It's a bit offtopic, but is it possible that Apple is going to set up a Maps platform, which will also be available for Non-Apple or iOS-users? Because when I go to maps.apple.com, I'm being redirected to maps.google.com. So I was thinking: if they release iOS6 this fall, it's possible we will have an Apple Maps on the internet too...

  • Reply 27 of 77
    paulmjohnsonpaulmjohnson Posts: 1,380member


    This has the potential to be absolutely fantastic.


     


    Personally, I think the Transit directions of Google Maps is fantastic and think it will take some beating, but here's the thing, I suspect an app will come out pretty quickly that simply replicates what Google have into the iOS Maps application, so in the worst case, we'll probably end up with something merely the same as what we have now.  However, by opening this space up to plenty of creative people, amazing could come along.


     


    Just as a quick example, there is a trick in the UK whereby a train journey can be cheaper if you buy two tickets, one to get you half way to where you're going, then another to get you from there to where you are actually going (it's because of how the peak fare system works).  Now, someone has come up with an App to help people find those savings (http://www.moneysavingexpert.com/travel/cheap-train-tickets#app).  How much cooler would that be if properly integrated into the Maps application.

  • Reply 28 of 77


    I can't believe people are worried about this.  There will be a Google Maps app, and you will be welcome to use it if you would like.  Apple cannot deny Google Maps, or they will be investigated again for anti-trust issues.  That is why we have a Google Voice app, a GMail app, a Google Latitude app, etc etc etc.  Apple already once got in hot water for denying apps that were competitors to their own products.  We now have an Amazon cloud music player app etc etc, we have all kinds of apps which "compete" with Apple products.


     


    Stop freaking out, there WILL be a Google Maps app for iOS and if you don't like Apple's maps you can download the Google one and use it.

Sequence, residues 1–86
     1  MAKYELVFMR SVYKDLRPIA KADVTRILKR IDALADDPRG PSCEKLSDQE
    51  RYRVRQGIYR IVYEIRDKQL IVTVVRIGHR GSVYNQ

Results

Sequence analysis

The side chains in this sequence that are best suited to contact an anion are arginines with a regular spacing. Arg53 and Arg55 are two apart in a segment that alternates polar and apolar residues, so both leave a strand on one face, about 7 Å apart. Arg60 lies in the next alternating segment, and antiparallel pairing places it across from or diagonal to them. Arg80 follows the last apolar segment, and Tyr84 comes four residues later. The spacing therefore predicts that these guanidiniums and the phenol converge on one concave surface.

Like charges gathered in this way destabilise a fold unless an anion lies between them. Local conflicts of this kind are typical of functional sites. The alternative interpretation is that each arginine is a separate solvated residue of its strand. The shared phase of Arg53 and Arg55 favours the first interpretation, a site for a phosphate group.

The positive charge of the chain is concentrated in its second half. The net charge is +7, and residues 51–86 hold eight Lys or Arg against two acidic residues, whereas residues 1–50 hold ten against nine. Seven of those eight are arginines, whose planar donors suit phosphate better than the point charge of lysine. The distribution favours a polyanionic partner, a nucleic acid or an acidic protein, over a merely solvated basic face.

As a side note, for Portland, Oregon transit I highly recommend the app PDXBus:


     


    http://itunes.apple.com/us/app/pdx-bus-max-streetcar-and-wes/id289814055?mt=8

  • Reply 29 of 77
    melgrossmelgross Posts: 33,121member
    I believe that one reason why Google and other platform owners try to do it all themselves is because they don't have the breath of apps we do. I've got a bunch of local apps for mass transit and walking. If Apple does this themselves, then how many of these apps will die off? A lot of them charge a nominal sum. But we all know that a so so solution that's free will usually trump a better solution that costs money.

    Every time Apple adds something that a developer already does, even though most people are demanding that Apple do it (for free) there are those who villify Apple for it. Microsoft too.

    So now we have the turn by turn ability as other platforms do. So what happens to allow the apps that do this but charge something? I use GPS Drive from MobileX. It's a great app that been upgrades many times since I first got it. I will continue using it though I'll try Apple's out. So will we see the large, and thriving, GPS driving app contingent die out? Will people be happy about that? Is Apple just doing this to fight the accusation that they're the only major platform not to have a free built in driving app?

    So I think that having third parties being able to integrate into Apple's apps is a good thing. Hopefully, the API's will allow an integration that will work well and seamlessly. I have to assume, at this point, that it should. We'll see.
  • Reply 30 of 77
    melgrossmelgross Posts: 33,121member
    tdeprez wrote: »